This article appears in the Fall 2017 issue of Silicon Slopes Magazine. For the print version, subscribe to Utah Business Magazine and you will automatically be sent a quarterly copy of Silicon Slopes Magazine.
Sit down with Sean Hosman and he won’t blink when tracing his path through life, arrested 12 different times from 2010–2012 for a variety of drug- and alcohol-related crimes. In his words, “I napalmed everything in my life.”
What happens before and after those arrests is key to this story. In 1999, Hosman started building software designed to help manage people coming out of the correctional world and re-entering everyday life. Realizing that many of these people lack skills or support systems to help ingratiate them back into society, Hosman started a company that he believed would help reduce recidivism rates — the likelihood that a convicted criminal will re-offend — through a combination of algorithms and data science.
That software has been tweaked for nearly two decades into its current form: Vant4ge, Hosman’s current company that works with over 70 different jurisdictions (department of corrections, jails, parolees, etc.) around the country to help human beings in the system. As an online community of coordinated care, Vant4ge’s software is structured to be a support system for people trying to get their feet underneath them. Users have access to relevant treatment plans, provider networks, online education, employment tools, and a host of other useful things. At the same time, Vant4ge analyzes each user to help build a larger picture on what works and what doesn’t, in turn using this data to help drive change on a systemic level.
When Hosman entered the roughest stretch of his life in 2010, his company offered a way back. After being released from jail in 2012, he rebuilt the company, paid off his debt, and began concentrating on ways to make an even bigger difference for those caught in the system.
“For myself, entrepreneurialism represented hope,” said Hosman. “It gave me hope that I could make it back. What is going to help me and how am I going to make it? A lot of it had to do with the fact that I owned my own company. Once I had control of it again, nobody could tell me I couldn’t have a job — I owned my own company. Technology is a great equalizer, it allows everyone a seat at the table. If you know how to code, if you know technology, it opens up doors.”
Indeed, this is the new mission of Hosman and his new non-profit organization Persevere: opening doors.
Coming out of the criminal correction system is hard. Many have spent years, or tens of years, serving time. Re-entering the civilian world can be intimidating, fueled by lack of skills or people who refuse to give second chances. Persevere is the opposite, an organization dedicated to providing opportunity to those in need. Hosman’s personal journey helped him realize that he was lucky to have roots in entrepreneurship and technology, two things that allowed him to jump back into the workforce, no problem. Now he wants others to feel that empowerment.
“Everybody coming out of the system gets told no,” said Hosman. “In our country, the recidivism rate is 70%. I was a criminal yet while others struggled, I kept getting to do my job because I owned my own company. Technology provides hope, it’s a way out. Persevere has to be a message to all people caught in the system: In 13 weeks, or 18 weeks, or 52 weeks, there’s a way to learn a skill, code, or system that allows you back. And then the sky’s the limit.”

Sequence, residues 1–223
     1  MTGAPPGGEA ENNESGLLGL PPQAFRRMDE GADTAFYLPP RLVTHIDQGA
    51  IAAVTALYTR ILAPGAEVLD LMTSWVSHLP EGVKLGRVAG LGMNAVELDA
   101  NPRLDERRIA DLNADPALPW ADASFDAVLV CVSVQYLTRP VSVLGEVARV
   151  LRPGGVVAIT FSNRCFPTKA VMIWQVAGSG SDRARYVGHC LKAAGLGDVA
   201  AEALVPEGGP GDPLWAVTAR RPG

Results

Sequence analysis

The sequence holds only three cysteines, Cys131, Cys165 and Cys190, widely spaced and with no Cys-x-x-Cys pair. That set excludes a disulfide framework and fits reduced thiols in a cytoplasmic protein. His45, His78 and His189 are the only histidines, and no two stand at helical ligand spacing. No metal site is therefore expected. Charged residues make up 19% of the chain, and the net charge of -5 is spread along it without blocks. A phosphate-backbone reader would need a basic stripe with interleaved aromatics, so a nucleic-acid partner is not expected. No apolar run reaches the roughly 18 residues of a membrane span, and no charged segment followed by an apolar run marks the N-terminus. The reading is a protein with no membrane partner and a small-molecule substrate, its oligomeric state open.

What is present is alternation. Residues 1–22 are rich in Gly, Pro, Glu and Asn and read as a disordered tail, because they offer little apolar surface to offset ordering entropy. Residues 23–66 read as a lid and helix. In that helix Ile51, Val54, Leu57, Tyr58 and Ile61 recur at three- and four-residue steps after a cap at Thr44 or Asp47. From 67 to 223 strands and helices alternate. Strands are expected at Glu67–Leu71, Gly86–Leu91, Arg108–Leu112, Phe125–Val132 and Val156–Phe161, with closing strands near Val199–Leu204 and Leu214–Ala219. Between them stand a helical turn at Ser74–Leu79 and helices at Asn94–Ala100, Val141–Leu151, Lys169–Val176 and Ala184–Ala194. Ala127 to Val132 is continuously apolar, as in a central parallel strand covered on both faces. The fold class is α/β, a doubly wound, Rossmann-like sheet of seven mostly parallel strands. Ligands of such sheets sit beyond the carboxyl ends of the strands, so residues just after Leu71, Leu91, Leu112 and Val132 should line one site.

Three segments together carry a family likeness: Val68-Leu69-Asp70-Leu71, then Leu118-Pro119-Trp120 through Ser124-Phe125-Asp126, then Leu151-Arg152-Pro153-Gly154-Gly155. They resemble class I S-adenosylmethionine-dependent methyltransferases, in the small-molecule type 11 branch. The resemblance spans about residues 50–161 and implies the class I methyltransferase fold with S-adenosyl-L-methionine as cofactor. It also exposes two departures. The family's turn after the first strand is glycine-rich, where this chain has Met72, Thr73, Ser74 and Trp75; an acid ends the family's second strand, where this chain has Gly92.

The world needs more coders, those convicted and released of crimes need jobs, why not pair the two? Persevere has partnered with BoomStartup — one of Utah’s most well-known accelerators — to do just that, building a program that teaches inmates coding and entrepreneurship. The coding curriculum is pulled from freecodecamp.com, the entrepreneurship curriculum from BoomStartup, with other components available that concentrate on soft skills and cognitive restructuring.
Prison doesn’t feature many learning options, especially from a technology perspective. Through Persevere, that can change.
“They’re going to do actual work, create actual portfolios, work on real world stuff while they’re inside (a correctional facility),” said Hosman. “Instead of making 70 cents per hour, they can make $12 per hour and come out with a stipend of $3,000 to pay for rent, fines, restitution, and child support — this can crush somebody on the way out. The real hope is to build an ecosystem with management and understanding where they can get jobs because people know the program they’re going through.”
Hosman cites The Last Mile — an organization that taught business and technology to inmates at San Quentin State Prison to great success — as reason for optimism. He believes Persevere can bring the same ideology to the table on a larger scale, teaching vital, new-age skills to inmates and those on probation.
While Persevere is still in its very early stages, Hosman is starting to get the ball rolling, meeting with Utah government officials to work out an arrangement where Persevere’s curriculum can start making an impact, teach useful skills, and reduce the likelihood of recidivism. He’s experienced first-hand the power of entrepreneurship and technology — now it’s time for others to feel the same.
“In a short amount of time, people can learn a coding language or skill that gives them any opportunity they want,” said Hosman.
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